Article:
How To Decide What To Take With You When You Move
Moving house is a great opportunity to go through your possessions and move at least some of them on to a new life elsewhere. Ideally, you should give yourself plenty of time to go through this process mindfully. Here are some tips to help.
Can you use it up before you go?
There’s an old joke that the easiest way to carry food is in your belly. There’s a lot of truth to this. A lot of food needs to be transported with care (e.g. soft foods and foods with delicate packaging like glass). Even when food is easy to carry, it’s often simply not worth the effort. For example, are you really going to pay removalists to transport basic foods like baked beans?
Similar comments apply to pretty much all standard household consumables. That includes things like cleaners, toiletries and some office supplies like printer paper. If you can’t use it yourself, then consider giving it away. It might not be worth properly donating but family, friends and neighbours could probably use it.
Will you get full use out of it?
If something’s coming to the end of its useful life, then, again, it might not be worth the effort of taking it with you. This can apply to practically anything since just about everything has some kind of lifecycle. It’s just that some items have a longer lifecycle than others.
In the average household, key areas to check here typically include makeup, clothes (especially children’s clothes), stationery, computer supplies and kitchen tools. If you have younger children, then you might want to add toys, games and books to the list. This may sound harsh but children often accumulate vast quantities of these but only really have a few favourites.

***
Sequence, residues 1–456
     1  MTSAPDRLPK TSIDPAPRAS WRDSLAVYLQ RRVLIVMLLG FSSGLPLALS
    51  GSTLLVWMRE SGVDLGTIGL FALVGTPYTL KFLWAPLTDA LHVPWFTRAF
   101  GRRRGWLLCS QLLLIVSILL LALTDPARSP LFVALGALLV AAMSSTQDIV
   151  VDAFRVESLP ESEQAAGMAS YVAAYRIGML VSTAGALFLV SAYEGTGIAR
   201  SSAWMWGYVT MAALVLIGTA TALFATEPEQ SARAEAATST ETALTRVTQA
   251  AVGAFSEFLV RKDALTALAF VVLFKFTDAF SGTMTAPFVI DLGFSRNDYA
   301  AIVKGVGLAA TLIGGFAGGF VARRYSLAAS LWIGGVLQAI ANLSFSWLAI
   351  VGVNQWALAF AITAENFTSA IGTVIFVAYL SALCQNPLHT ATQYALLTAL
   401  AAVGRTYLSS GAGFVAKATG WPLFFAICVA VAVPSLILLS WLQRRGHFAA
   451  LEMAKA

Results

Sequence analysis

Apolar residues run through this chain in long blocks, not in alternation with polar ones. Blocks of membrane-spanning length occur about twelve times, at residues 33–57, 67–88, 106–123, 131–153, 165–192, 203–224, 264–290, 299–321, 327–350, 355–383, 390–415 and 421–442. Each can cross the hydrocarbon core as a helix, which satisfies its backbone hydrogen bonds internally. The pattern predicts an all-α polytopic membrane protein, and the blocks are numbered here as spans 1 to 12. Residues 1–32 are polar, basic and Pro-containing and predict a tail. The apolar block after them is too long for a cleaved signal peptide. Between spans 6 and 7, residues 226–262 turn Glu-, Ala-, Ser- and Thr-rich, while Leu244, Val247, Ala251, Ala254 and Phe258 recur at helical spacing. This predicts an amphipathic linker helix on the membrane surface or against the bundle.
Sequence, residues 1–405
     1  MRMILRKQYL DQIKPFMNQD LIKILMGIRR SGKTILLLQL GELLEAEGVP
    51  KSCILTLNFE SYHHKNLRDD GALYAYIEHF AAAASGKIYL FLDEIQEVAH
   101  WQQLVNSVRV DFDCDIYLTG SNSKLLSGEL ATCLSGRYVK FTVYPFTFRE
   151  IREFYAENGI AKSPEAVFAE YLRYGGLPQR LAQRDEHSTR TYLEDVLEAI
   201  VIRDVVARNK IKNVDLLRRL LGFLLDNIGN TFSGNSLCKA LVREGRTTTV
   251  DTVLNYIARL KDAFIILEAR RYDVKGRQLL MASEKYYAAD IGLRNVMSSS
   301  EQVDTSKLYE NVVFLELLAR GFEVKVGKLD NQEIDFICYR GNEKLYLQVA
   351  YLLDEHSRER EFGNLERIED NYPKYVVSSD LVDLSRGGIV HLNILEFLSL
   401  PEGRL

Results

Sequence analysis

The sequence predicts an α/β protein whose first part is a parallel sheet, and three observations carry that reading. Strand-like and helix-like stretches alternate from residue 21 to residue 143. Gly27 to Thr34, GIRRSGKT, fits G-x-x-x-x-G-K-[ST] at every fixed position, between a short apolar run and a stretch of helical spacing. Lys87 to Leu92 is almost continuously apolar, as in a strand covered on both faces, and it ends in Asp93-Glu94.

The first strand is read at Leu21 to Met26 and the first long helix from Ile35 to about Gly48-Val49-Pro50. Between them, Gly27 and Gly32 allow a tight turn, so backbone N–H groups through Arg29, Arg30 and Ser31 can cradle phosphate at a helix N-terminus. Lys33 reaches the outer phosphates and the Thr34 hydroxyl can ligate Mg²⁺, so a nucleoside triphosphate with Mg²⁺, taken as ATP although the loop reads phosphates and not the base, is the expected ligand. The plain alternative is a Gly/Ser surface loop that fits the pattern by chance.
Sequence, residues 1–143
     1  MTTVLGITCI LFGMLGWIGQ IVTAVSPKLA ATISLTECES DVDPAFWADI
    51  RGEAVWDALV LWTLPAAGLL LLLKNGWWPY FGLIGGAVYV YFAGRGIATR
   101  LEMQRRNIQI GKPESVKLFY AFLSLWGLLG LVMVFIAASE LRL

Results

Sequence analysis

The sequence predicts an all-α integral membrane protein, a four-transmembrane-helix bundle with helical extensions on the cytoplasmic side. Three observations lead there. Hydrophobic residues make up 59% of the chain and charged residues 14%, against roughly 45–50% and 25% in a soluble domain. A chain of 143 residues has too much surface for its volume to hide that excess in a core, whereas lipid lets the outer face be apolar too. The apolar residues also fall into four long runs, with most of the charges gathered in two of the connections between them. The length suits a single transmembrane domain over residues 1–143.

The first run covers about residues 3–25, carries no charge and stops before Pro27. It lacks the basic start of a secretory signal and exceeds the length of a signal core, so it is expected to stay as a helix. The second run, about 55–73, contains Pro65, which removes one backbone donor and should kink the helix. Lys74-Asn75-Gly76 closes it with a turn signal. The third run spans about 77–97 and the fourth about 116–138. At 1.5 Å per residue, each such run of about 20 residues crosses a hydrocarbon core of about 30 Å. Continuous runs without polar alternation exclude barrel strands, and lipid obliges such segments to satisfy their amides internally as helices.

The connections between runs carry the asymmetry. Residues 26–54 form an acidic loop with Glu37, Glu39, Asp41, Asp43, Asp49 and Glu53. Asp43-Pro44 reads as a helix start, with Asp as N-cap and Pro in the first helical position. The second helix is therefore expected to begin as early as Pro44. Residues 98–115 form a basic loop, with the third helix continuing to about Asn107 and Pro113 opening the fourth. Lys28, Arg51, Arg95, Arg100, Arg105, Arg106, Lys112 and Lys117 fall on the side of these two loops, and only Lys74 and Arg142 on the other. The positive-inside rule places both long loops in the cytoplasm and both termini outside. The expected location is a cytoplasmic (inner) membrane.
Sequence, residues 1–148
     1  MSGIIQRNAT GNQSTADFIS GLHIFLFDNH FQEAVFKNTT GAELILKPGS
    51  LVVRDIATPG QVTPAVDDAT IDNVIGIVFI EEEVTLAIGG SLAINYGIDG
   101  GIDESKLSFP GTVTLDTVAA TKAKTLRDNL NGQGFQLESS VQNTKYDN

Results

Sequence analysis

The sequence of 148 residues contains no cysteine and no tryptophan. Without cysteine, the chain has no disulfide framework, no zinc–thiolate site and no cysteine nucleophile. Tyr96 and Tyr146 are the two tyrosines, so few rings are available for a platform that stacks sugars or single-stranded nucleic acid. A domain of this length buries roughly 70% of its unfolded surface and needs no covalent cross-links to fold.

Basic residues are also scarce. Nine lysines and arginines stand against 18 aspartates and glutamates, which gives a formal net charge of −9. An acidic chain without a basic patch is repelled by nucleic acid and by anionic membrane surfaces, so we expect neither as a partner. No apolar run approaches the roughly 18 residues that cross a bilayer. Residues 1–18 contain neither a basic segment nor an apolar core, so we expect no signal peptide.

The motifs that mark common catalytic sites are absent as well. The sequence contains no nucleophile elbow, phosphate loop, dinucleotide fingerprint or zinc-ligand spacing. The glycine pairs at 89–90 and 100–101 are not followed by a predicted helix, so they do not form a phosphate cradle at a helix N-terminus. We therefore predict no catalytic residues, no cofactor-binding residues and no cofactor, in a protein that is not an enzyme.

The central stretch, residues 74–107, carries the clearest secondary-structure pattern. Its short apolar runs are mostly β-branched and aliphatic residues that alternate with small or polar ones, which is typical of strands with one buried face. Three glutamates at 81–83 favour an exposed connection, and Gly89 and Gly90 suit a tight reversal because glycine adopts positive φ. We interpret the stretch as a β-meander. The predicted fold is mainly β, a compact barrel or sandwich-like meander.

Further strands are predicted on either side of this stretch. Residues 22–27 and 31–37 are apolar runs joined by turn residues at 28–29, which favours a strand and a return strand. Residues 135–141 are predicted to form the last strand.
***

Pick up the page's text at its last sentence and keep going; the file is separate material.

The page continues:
If an item’s reaching the point where it just isn’t serviceable to anyone anymore, then you can recycle it at your leisure (or at least under minimal time pressure). If, however, an item is still serviceable then you can have the satisfaction of knowing that you passed it on to be useful to someone else. Again, even if it’s not really suitable for donation, someone you know will probably want it.
Will it fit in your new home?
This can be a tricky one. Often you only really know for sure what’s going to work in your new home when you get there and try it out properly. That said, it never hurts to have a think about what you have and see if there are any items you’d be happy to move on before you leave.
When thinking about whether or not an item will fit in your new home, it’s generally easiest to start with physical dimensions. Remember, even if you’re upsizing, you may end up with less space in any given room. For example, you may gain an extra bedroom but lose a bit of space in the other bedrooms.
The next question is whether an item will fit in with your lifestyle in your new home. This can be a more difficult question. As a rule of thumb, however, the more attached you are to an item, the more worthwhile it is to take it with you and see if you can find a way to make it work and vice versa.